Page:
Possible large-volume mafic explosive eruptions in the Izu arc recorded in IODP Site U1436

Friday, 19 December 2014: 9:45 AM
Yoshihiko Tamura1, Martin Jutzeler2, Julie Christin Schindlbeck3, Alex RL Nichols1, Susan DeBari4, James Gill5, Cathy Jeanne Busby6 and Peter Blum7, (1)JAMSTEC, Yokosuka, Japan, (2)University of Otago, National Oceanography Centre, Southampton, United Kingdom, (3)GEOMAR Helmholtz Centre for Ocean Research Kiel, Kiel, Germany, (4)Western Washington University, Bellingham, WA, United States, (5)University of California Santa Cruz, Santa Cruz, CA, United States, (6)University of California Santa Barbara, Santa Barbara, CA, United States, (7)Texas A & M University, College Station, TX, United States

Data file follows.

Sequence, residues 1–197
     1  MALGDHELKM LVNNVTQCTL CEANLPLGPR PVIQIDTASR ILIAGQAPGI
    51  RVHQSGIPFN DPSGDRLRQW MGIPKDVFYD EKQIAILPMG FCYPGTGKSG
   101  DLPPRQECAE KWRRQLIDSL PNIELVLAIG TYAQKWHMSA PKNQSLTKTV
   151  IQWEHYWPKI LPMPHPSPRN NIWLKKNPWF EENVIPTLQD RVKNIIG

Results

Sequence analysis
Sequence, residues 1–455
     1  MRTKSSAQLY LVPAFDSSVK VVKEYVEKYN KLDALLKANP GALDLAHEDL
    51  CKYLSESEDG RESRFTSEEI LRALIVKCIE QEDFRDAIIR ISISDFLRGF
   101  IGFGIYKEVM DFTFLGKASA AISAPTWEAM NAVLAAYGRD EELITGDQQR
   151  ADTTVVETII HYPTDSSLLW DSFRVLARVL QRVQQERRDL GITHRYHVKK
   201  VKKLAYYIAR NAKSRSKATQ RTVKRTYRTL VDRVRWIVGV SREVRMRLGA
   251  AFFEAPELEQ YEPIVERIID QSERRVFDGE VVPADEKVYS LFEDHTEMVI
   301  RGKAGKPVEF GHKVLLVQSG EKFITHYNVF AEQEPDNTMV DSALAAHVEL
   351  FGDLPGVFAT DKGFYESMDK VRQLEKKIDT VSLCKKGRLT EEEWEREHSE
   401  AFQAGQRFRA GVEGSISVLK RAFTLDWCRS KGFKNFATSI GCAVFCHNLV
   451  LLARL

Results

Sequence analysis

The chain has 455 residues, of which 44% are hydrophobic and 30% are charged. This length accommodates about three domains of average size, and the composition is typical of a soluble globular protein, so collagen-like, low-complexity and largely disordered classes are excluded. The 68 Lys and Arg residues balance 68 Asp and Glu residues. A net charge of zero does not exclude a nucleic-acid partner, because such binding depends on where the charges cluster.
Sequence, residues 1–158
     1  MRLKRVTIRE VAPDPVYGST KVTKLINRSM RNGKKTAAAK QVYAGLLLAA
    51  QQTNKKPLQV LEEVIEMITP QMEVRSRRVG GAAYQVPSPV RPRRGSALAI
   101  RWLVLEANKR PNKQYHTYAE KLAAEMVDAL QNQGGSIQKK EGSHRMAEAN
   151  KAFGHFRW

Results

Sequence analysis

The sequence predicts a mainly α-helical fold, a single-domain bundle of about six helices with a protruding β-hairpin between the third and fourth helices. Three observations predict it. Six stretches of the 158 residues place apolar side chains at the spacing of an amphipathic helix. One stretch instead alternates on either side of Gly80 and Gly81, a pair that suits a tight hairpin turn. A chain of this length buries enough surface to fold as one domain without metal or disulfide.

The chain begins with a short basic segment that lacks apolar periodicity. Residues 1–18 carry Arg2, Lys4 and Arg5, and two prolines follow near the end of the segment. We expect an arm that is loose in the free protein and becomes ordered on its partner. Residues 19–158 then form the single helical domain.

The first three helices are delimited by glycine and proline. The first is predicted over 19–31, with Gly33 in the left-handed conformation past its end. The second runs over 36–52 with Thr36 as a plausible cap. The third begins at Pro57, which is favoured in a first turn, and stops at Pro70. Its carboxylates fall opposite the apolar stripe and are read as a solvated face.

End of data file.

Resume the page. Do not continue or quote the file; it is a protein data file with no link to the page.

The Izu-Bonin-Mariana volcanic arc system is an excellent example of an intraoceanic convergent margin where the effects of crustal anatexis and assimilation are considered to be minimal. The Izu fore arc is a repository of ashes erupted in the Izu-Bonin frontal arc because the prevailing wind blows from west to east. IODP Site U1436 (proposed Site IBM-4GT), located at 32°23.88’N, 140°21.93’E, lies in the western part of the Izu fore arc basin, ~60 km east of the arc-front volcano Aogashima, ~170 km west of the axis of the Izu-Bonin Trench, 1.5 km west of ODP Site 792, and at 1776 mbsl. It was drilled in April-May 2014, during IODP Expedition 350, as a 150 m deep geotechnical test hole for potential future deep drilling at proposed Site IBM-4 using the D/V Chikyu. The stratigraphic record of Late Pleistocene mafic and silicic explosive volcanic products from the arc front consists of tuffaceous mud interstratified with mafic and evolved ash and lapilli, including distinctive black glassy mafic ash layers. These distinctive intervals are basaltic andesite and the most mafic deposits analyzed shipboard at Site U1436. The facies appeared to be unusually homogeneous in componentry and texture; the overwhelmingly glassy nature of the ash suggests subaqueous explosive eruption, and its good sorting suggests deposition by vertical settling through the water column from an ash plume that reached the atmosphere. An alterative hypothesis is that the ash layers have been redeposited in bathymetric lows by submarine density currents. These black glassy mafic ash layers attracted a great deal of interest among the science party because, if the first hypothesis is correct, they could record large-volume mafic explosive eruptions. As a result three more holes were drilled at Site U1436, in order to recover undisturbed examples of these layers. Samples from each hole are currently undergoing post-cruise geochemical (major, traces and volatiles) and componentry analysis to test these two hypotheses in more detail.